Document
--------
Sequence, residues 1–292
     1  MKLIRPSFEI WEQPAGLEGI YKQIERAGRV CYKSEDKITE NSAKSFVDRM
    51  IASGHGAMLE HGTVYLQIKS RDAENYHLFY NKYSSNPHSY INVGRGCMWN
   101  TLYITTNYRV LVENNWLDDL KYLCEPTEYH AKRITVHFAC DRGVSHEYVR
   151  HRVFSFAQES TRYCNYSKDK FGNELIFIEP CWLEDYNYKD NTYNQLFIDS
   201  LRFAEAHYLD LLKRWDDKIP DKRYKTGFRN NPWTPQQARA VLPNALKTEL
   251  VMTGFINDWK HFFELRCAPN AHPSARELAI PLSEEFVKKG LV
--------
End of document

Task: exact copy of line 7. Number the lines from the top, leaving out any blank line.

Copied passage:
   251  VMTGFINDWK HFFELRCAPN AHPSARELAI PLSEEFVKKG LV